No, I'm not suggesting that nefarious types are responsible for me not having finished painting the other three superheroes. That is my own doing. Unless the weather this week is really being controlled by the NWO/MIB/(insert your choice of conspiracy organisation here)...
Monday night saw me playing another game in the runup to Sunday's club game of Jutland; this time the stern chase from Dogger Bank. On Tuesday I was at a Safety/Fire/Facilities etc exhibition at the Excel all day and by the time I got home my hip and knee joints were aching like mad so I didn't feel like painting. Wednesday evening was hot and humid which left me too lethargic to do any painting. As for last night...
Well, I was playing Black Ops with Simon at the club, which provided a welcome break from all the stuff on TV and the 'net about the EU referendum. But that's enough about that - let's just say that we are now living in interesting times...
Anyway, back to Black Ops. For those that don't know these are the rules from Osprey, written by Guy Bowers (editor of Wargames, Soldiers & Strategy) for small unit modern special ops type games.
Simon's force was the People's Vegetarian Liberation Army, a bunch of pretty low quality types; I had the Colonel Sanders' Contractors who were (meant to be) a well trained effective paramilitary unit.
We'd agreed to try out the Stealth scenarios, just to see how they worked. After setting out terrain we rolled to determine the mission for the first game - sabotage. My Contractors had to blow up a cache of weapons (Simon decided that these were Tofu Grenades) in a compound; he was defending with half his force on guard patrol and the rest (including his "Ace") asleep in barracks. I split my force and came in from two edges - the plan was for one team to get into the compound and blow up the tofu stockpile while the other team provided cover.
Everything went well at first. My entry team got into positions without being seen and I decided it was time to enter the compound. Which was when things went tits up. There was a sentry right by the entry point who I decided to take out quietly in close quarter combat. My guy rolled a 1, Simon's sentry rolled a 6, my guy died, Simon's was now activated. What the heck, open fire! Unfortunately all my aimed shots missed their targets and I'd made enough nose to arouse Simon's Ace and activate him. And as he had potential line of sight to some of my guys, he was able to raise the alarm straight away (unless he rolled a one on his reaction roll, which he didn't).
Now, I had carefully positioned the support gunner from the entry team on the roof of a building overlooking the compound. Unfortunately, this turned out to be the barracks where the rest of the PVLA were quartered. They activated next, came out of the building and some started shooting while the rest made their way round to the steps up to the roof.
Meanwhile one of my guys had got into the compound and next to the Tofu cache. He just had to stay next to it for 2 activations and the job would be done. He almost made it, but the PVLA ace took him out (having walked straight past him once in the dark) before he could get the second activation. By then I'd lost 5 of my 8 guys and had to take a break test - I failed which meant my guys had to fall back, leaving the Tofu cache intact.
Sadly, my professionals didn't seem able to shoot for toffee. Mind you, his guys with the RPGs weren't much better as all there shots were complete misses (well, we did declare the first one as a hit on a tree which was behind the guy he shot at!). To a large degree I wasn't helped by Simon having a long run of activation cards which meant he was able to take out most of my unit without me being able to do anything about it.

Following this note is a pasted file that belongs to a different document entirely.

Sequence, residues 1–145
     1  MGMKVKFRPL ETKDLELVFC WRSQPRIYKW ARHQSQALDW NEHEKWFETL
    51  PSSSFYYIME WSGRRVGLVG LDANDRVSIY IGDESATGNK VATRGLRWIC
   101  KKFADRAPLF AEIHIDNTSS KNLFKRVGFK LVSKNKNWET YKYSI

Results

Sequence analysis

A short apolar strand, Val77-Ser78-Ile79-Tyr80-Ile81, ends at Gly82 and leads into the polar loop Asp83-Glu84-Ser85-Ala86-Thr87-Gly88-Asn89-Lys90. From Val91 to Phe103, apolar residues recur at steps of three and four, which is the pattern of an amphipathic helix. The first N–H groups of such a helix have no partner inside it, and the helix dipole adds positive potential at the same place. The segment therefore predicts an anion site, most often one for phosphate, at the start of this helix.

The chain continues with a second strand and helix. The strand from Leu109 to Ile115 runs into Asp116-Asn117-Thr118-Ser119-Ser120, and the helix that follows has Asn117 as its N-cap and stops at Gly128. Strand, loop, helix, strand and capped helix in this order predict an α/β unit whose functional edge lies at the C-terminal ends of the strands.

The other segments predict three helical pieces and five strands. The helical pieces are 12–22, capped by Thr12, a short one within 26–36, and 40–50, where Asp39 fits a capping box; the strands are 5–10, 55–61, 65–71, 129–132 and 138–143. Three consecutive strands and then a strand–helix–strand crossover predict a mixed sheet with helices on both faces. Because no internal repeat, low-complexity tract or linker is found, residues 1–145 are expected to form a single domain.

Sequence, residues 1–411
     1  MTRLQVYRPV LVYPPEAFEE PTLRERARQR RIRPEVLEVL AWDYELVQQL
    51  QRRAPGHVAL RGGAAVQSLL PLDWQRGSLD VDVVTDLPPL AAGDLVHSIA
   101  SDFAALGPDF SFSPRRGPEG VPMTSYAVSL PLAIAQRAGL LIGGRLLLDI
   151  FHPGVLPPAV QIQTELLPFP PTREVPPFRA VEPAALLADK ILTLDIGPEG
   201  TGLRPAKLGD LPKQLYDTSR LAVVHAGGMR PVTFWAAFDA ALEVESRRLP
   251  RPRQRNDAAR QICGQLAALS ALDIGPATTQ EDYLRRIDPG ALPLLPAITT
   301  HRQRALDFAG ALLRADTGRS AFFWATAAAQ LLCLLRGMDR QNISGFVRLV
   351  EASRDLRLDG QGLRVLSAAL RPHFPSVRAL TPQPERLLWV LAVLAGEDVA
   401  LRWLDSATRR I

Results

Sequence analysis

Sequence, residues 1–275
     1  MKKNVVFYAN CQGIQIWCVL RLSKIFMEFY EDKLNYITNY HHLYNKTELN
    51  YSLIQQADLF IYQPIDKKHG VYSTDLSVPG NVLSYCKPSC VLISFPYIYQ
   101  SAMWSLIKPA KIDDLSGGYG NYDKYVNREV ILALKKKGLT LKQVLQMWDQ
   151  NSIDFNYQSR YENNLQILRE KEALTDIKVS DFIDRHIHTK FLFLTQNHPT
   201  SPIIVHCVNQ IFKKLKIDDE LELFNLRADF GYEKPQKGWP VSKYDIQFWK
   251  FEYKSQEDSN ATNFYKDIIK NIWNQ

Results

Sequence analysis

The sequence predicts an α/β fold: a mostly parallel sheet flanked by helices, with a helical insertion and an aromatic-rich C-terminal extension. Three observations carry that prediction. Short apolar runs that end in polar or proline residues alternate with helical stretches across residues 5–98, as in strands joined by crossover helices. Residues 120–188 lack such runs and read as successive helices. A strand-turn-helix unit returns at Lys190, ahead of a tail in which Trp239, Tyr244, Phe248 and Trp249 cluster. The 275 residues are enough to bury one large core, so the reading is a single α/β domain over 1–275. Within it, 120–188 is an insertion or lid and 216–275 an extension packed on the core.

We then took a short break before playing a second game. This time I was defending - the mission rolled was espionage and the site was a village. Simon had to steal a communication device (to stop Colonel Sanders broadcasting adverts extolling the eating of finger lickin' good chicken). Half my troops would be guards on table, the others were off table patrolling and would only come on when the alarm was raised.
Simon managed to get into the village undetected and get to the transmitter without the alarm being raised. Even after lots of gunfire and RPGs being fired (I rolled a few natural ones). Eventually the alarm was raised and my reinforcements came on. the riflemen must have been practicing as they were able to shoot and took out several PVLA guerillas (unlike their support gunner who still couldn't shoot for toffee and got killed almost immediately). However, numbers told and my unit was soon reduced to just two guys, with the transmitter having been stolen and sneaked out of the village almost unmolested (my "Ace" couldn't shoot for toffee either). In hindsight, I should probably have placed the transmitter more centrally as the PVLA got to it far too quickly, which meant there was less opportunity for my guards to spot them and for the alarm to be raised.
So, what do I think of the rules? They're fun and allow for fast, bloody play. They're quick to pick up, but the card activation can be quite brutal if one side gets a long run of activations. Before Black Ops we would have used Force on Force/Tomorrow's War for this sort of game, but it could be tediously slow and the initiative system was a pain. Black Ops allows for fast play, isn't complex but does capture the feel of this type of operation (OK, maybe a bit bloodier than it would be). The stealth rules played well as the guard reactions are dependent on the amount of noise you make getting there (noise markers are added for running, climbing, shooting etc) and guards only roll for reactions if they have potential line of sight to an attacker - otherwise they either stay still or move 3 inches straight ahead. the wording of the Observation rule and how it would work in stealth scenarios did cause some confusion.